Background Idiopathic pulmonary fibrosis (IPF) is a progressive idiopathic interstitial lung disease with a poor prognosis.
Patients with IPF have a poor quality of life and a median survival of about 3 years.
In the past years there was a breakthrough in the treatment of IPF. Pirfenidone and nintedanib are now approved for the treatment of IPF. Although nintedanib is not yet marketed in the European Union, the manufacturing laboratory has an extended programme that allows its use.
Pirfenidone and nintedanib are indicated for mild to moderate IPF.
Purpose To evaluate the effectiveness and safety of pirfenidone and nintedanib in patients with IPF.
Material and methods A retrospective observational analysis of the use of pirfenidone and nintedanib in our hospital from 2014 to October 2015 was conducted.
Variables included demographic (age, sex) and clinical data (previous treatment, side effects and clinical outcome). Adverse drug reaction (ADRs) were compiled in relation to safety.
Results 8 patients were included in the study (6 men and 2 women) with a mean age of 69 years.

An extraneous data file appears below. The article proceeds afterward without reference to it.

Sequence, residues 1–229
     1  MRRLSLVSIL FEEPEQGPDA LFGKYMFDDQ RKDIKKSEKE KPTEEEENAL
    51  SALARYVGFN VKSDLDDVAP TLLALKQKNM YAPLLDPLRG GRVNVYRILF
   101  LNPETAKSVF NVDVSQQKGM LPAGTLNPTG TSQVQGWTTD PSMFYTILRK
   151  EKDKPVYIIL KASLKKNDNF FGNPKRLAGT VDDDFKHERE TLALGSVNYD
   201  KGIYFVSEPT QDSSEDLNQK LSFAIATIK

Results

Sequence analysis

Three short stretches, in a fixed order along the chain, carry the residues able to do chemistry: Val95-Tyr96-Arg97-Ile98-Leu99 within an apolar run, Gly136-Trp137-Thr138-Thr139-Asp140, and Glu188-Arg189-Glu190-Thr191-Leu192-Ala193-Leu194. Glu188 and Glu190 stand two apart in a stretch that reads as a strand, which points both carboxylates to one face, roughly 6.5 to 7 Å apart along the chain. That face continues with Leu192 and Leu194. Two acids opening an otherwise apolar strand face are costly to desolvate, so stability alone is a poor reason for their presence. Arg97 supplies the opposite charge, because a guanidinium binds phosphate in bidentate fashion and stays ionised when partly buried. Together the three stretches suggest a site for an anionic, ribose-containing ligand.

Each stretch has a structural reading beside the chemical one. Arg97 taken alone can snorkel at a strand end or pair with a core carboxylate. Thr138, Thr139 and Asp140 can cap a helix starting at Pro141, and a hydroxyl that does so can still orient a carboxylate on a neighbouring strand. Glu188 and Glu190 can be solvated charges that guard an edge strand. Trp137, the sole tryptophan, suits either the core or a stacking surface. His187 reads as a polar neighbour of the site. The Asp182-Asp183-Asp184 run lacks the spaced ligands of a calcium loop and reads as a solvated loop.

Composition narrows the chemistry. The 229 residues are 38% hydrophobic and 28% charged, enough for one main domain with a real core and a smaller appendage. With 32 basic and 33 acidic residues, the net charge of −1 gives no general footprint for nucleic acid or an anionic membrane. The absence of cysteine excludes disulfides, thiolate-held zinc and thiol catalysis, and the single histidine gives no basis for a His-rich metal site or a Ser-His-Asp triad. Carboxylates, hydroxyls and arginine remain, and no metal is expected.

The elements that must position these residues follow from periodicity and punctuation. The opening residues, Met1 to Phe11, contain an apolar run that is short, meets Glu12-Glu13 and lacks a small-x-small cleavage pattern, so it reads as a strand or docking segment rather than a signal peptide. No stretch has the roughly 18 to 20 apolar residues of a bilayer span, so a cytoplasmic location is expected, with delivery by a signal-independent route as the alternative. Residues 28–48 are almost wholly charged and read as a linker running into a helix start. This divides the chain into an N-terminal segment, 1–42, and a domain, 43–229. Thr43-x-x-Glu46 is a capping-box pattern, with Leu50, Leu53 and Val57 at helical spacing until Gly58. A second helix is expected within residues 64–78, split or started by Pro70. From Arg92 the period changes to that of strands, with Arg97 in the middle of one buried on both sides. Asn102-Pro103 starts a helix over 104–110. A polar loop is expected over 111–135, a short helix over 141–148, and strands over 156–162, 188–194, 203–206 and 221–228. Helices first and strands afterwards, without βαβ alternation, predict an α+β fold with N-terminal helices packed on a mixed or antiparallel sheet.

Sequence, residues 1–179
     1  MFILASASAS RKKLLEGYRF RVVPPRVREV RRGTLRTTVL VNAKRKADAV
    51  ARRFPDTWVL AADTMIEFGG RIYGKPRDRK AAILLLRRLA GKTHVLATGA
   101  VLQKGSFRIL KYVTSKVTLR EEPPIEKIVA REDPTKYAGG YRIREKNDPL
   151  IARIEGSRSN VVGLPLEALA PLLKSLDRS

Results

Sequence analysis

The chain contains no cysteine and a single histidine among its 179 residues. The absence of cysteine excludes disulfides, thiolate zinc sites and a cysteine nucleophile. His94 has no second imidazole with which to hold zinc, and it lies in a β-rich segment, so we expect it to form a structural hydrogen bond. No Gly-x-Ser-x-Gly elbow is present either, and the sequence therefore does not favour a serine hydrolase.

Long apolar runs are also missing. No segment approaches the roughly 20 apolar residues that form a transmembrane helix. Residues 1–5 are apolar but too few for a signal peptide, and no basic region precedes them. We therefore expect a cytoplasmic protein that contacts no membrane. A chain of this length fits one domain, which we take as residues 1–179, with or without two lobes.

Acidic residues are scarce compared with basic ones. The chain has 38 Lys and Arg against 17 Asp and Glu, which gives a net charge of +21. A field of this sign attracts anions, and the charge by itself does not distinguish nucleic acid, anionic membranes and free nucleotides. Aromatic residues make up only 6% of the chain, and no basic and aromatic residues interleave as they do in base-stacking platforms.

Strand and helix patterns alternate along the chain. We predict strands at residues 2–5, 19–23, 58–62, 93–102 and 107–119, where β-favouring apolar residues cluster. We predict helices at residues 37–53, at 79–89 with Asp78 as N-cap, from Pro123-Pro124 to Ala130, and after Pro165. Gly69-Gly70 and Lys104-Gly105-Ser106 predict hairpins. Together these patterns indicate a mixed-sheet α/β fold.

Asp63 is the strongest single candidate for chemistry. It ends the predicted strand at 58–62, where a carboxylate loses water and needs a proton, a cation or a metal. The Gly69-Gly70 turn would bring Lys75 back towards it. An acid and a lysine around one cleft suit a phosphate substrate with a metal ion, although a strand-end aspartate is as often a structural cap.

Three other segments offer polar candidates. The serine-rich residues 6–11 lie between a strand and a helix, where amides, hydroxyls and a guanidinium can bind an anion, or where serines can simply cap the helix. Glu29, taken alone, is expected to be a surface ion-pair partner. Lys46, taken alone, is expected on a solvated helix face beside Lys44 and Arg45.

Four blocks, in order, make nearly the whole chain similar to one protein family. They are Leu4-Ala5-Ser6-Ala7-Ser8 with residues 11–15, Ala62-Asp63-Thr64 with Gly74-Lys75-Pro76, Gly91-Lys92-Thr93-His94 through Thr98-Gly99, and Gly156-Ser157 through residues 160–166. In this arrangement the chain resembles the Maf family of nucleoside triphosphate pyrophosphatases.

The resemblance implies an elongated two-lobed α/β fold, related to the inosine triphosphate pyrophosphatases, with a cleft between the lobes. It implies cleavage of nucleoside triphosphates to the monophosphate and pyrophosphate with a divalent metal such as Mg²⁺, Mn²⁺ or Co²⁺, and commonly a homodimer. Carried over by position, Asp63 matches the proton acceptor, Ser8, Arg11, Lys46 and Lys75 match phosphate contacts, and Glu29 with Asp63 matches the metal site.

5 patients were treated with pirfenidone; 2 of them stopped and continued a secondline treatment with nintedanib, 1 because of phototoxicity after 8 months of taking pirfenidone and the other because of significant deterioration in forced vital capacity (FVC).
These 5 patients did not present with digestive disturbances or an increase in transaminases.
5 patients received nintedanib, two of them as a secondline and 3 as a firstline treatement; 1 could not receive pirfenidone due to a glomerular filtration rate <30 mL/min.
2 patients had to reduce the dosage to 100 mg twice daily due to digestive disturbances (nausea and diarrhoea) and 1 had to discontinue treatment.
Only 2 patients did not present with any digestive disturbances or increase in transaminases.
Only 2 patients have been receiving treatment long enough to have follow-up data, 1 for pirfenidone and 1 for nintedanib. After 6 months of treatment, FVC had a less than 10% decrease (4% and 5%, respectively) and diffusing capacity or transfer factor of the lung for carbon monoxide (DLCO) increased by 1% each.
Conclusion Due to the short follow-up period, we cannot yet establish effectiveness.
ADRs caused discontinuation of treatment in two patients so close monitoring is required.
No conflict of interest.
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